Unique financial challenges for older adults
August 21st is National Senior Citizens Day! The day is dedicated to raising awareness about issues ageing adults face. Barry Bigelow shares the unique financial challenges older adults face when planning for the future.
First, it’s good to know who we are celebrating! Minnesotans 62 and older are considered senior citizens. Now, that may sting for people who are 62 years young, but we believe it’s a badge of honor and such an exciting time for older adults. Many people believe aging is a bad thing and that retirement is an end, but it’s actually an awesome beginning! You’ve worked for 40+ years and saved, and now it’s finally time to enjoy your newfound time and hard-earned money. We can celebrate them today by taking the time to make sure those nearing 62 and those 62 and older are prepared for the major financial decisions ahead of them.
It’s not so much about when people should retire, but when do people desire to retire? Think about if you are able to live the life you want with the savings you have at age 62. If you can and have the desire to pursue the next chapter of your life, do it! If you’re not ready to leave the workforce or feel the need to save a little more, don’t retire before you are mentally and financially ready to do so.
People often think 62 is the prime age to retire because that is when you can start claiming your Social Security benefits. However, claiming your Social Security benefits at 62 can permanently reduce your benefit. You can wait until your full retirement age of 66 or 67, based on the year you were born, to receive your full benefit. And if you can make it to age 70 before claiming your Social Security benefit, your benefit will have grown by 8% each year you wait to claim.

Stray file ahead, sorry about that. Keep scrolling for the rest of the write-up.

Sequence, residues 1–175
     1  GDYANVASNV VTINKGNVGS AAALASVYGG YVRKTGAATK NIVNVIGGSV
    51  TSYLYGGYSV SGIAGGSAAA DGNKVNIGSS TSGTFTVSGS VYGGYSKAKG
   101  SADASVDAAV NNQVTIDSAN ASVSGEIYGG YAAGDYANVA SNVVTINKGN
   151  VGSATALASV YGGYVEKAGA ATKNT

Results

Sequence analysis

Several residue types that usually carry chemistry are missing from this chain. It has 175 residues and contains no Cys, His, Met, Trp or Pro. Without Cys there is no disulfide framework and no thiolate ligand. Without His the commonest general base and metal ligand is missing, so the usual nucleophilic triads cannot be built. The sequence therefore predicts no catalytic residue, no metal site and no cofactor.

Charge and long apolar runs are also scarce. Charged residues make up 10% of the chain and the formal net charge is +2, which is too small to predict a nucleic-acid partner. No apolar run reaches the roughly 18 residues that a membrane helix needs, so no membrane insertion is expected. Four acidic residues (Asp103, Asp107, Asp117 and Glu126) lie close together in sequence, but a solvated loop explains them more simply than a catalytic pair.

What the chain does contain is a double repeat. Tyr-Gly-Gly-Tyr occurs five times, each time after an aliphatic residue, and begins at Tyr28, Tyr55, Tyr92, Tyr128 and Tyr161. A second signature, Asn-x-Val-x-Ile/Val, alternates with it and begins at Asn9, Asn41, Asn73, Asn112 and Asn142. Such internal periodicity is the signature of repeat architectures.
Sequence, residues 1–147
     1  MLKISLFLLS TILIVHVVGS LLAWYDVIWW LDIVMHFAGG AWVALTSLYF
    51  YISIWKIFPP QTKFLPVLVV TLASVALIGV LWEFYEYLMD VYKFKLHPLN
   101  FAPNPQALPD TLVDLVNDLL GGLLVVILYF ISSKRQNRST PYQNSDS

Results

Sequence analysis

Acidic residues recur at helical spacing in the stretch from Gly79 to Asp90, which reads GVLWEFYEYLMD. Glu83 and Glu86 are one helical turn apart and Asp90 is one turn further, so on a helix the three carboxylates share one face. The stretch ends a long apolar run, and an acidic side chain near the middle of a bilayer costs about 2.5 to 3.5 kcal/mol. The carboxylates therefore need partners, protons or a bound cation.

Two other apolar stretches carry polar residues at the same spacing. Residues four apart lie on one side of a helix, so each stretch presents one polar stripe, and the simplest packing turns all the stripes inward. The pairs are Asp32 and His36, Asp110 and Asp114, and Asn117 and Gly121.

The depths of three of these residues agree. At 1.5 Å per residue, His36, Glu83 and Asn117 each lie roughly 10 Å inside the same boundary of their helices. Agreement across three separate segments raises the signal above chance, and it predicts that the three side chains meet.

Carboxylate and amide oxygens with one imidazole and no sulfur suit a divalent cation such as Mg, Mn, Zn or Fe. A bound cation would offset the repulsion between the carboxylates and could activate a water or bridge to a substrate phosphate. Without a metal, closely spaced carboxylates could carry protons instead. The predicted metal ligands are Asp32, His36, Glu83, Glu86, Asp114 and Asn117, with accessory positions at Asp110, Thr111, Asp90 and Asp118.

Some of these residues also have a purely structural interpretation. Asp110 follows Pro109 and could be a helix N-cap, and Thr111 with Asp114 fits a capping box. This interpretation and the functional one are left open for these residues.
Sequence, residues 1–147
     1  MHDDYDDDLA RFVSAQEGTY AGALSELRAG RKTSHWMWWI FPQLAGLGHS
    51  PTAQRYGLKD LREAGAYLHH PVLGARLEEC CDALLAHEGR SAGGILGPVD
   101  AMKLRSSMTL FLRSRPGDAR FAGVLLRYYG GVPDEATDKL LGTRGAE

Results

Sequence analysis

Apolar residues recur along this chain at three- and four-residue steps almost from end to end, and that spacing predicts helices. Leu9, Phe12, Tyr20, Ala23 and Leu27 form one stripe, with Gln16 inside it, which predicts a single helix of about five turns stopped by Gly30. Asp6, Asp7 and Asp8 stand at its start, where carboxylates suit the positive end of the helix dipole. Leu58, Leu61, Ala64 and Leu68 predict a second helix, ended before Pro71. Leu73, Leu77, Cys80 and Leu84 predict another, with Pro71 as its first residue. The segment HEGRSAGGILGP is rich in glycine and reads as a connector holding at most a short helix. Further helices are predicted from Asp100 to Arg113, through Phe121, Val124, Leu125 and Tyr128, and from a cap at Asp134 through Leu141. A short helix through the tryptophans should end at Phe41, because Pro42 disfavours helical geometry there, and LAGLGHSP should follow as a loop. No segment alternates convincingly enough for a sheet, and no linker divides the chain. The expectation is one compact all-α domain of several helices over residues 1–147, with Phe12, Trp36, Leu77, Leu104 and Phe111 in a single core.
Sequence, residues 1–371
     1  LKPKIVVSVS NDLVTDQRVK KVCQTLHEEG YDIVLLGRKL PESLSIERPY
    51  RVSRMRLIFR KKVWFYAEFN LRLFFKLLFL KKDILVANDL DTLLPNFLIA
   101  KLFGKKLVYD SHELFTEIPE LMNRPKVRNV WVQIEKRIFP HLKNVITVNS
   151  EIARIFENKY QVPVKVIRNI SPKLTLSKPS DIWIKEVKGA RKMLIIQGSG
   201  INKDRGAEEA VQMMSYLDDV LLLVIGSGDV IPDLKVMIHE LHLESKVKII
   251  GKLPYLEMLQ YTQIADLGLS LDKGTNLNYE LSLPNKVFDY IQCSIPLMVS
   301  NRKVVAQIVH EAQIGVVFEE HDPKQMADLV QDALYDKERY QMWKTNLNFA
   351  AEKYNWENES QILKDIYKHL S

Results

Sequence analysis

Social Security is just one part of your overall income plan for retirement. It’s important to have an overall income strategy designed to support the lifestyle you want in retirement. You may want to travel a lot right when you retire. We can assess your investments and outline a strategy that allows you to do the things you want in retirement while remaining financially conscious of taxes and additional expenses later in retirement, like healthcare and long-term care.
People often forget to plan for the gap between retirement and Medicare. Many people want to retire at age 62 when Social Security benefits kick in, but retirees aren’t eligible for Medicare until age 65. To bridge the gap, retirees might be eligible for retiree health care coverage through their former employer as a continuation of their coverage. Otherwise, you can use your spouse’s insurance if they aren’t retired yet, or you can purchase a plan through the Affordable Care Act. The key is to have a plan in place until Medicare begins in order to avoid having a healthcare emergency without coverage.
Many people want to retire, but they don’t have a plan for the 40 hours a week they get back when they stop working. Those nearing retirement may choose to keep working to help stay engaged and connected with their community. Before you make the leap into retirement, think about how you will spend your days. Are there opportunities to utilize your gifts and talents through volunteering or helping take care of your grandchildren?